This solar water heater will cover between 4 and 6 square metres of my roof and provide all my hot water from , late spring to early autumn. The whole system will cost in the region of  £4,000, is reliable and relatively maintenance free.  Very little electricity is involved.

 Conversely, I could do the same job with £10,000 to £20,000 worth of solar PV, which while I might have to pay a great deal to  install, I will get paid Feed in Tariffs which will pay back the full costs in 10 years and give me a profit for another 15.  These solar PV panels are very costly to make, invariably imported from China, consume vast amounts of rare metals and are very costly in energy to manufacture.  

If the Government really wants to cut down on the use of energy, they should proactively support the installation of solar water heating, in my opinion to a greater extent than solar PV as there is a far greater carbon saving return per £ invested whether through grants or when considering the cost of the installation. 

More information on the  Renewable Heat Incentive and how it relates to Solar Water Heating can be seen here within a press release from the Solar Trades Association placed on the solaruk website. http://www.solaruk.net/news/solarenergy.asp?item=2170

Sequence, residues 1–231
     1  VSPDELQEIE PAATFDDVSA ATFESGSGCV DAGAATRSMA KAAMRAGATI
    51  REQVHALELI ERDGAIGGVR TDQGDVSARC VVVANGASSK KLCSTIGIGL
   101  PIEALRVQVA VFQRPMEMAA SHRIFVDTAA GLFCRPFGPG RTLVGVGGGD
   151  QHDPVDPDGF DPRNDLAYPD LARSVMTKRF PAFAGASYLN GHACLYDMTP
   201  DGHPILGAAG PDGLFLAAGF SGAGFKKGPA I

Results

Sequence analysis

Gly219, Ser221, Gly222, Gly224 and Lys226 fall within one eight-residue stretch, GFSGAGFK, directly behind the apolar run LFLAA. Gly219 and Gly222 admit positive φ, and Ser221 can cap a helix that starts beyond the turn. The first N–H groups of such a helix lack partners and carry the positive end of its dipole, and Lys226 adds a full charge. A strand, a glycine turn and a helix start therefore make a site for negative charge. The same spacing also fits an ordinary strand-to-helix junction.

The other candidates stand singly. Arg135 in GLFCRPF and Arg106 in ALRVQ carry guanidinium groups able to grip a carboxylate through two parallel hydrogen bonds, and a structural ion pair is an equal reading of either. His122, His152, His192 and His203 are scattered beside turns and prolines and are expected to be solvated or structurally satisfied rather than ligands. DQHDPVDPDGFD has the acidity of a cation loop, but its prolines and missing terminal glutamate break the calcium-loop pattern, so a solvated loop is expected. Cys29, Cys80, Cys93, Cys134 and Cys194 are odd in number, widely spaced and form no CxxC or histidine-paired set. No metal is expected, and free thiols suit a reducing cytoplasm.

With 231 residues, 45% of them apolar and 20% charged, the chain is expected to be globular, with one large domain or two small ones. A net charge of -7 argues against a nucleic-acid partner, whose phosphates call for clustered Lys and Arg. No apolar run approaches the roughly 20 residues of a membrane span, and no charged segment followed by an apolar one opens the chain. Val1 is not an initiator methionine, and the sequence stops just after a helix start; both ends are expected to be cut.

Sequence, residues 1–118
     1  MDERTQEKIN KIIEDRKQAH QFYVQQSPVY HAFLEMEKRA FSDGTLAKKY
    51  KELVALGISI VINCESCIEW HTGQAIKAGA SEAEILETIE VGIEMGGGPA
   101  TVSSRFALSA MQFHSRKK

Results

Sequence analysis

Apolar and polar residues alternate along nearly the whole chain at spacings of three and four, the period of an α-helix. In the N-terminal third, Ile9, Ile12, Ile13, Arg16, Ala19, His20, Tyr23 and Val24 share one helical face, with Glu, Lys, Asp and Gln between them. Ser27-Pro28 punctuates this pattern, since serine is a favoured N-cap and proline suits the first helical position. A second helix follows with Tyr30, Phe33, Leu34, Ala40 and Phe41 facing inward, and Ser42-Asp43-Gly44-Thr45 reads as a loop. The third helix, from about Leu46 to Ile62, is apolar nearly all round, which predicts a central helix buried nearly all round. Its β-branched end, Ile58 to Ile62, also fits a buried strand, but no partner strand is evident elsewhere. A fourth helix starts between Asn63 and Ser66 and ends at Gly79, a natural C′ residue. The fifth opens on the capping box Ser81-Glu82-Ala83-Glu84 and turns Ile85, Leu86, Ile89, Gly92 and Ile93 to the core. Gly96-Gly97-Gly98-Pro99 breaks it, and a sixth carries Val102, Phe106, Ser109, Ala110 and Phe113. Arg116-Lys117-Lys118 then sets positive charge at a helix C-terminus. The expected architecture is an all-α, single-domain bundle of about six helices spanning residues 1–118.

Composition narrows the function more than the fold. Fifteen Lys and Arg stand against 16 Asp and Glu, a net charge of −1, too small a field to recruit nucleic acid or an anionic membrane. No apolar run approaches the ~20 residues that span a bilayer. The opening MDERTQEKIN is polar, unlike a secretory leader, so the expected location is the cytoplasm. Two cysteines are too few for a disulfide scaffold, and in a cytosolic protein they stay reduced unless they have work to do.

The Government seem to have got hung up on electricity rather than energy.


Today the Solar Trade Association welcomed the announcements by Ed Milliband regarding solar energy, but expressed disappointment that the proposed rate of investment will be lower than that for other green energy technologies.

See: http://www.solaruk.com/news/solarenergy.asp?item=2048

Buying Solar Water Heating

An increasingly popular investment is in fitting solar panels for water heating. Not a new technology and one that is widely used on the continent. After insulation, the most likley to show an actual return on investment, certainly if you are on oil like me!

You will most likely have had a few letters from solar water heating companies through your door, perhaps from smartenergy, simple solar and a whole host of others. Beware! Unfortunately the industry has attracted the same people who 20 years ago were selling double glazing, 10 years ago it was timeshares and they have just moved out of selling dodgy finacial deals into solar panels! Call one of these guys and you are in for a few hours of sales patter, sign now and we will knock off 30% etc etc.. Its just that at £8,000 or £10,000 or £12,000 even with the extra special discount, its still a con!

A decent solar water heating system should cost no more than £4,000 and possibly less. It will only heat a proportion of your hot water, it will not heat the house. Mine, which I have had for about 4 years, allows me to switch off my boiler between May through till September. In late Autumn, Winter and eraly Spring there is minimal overall heat generated.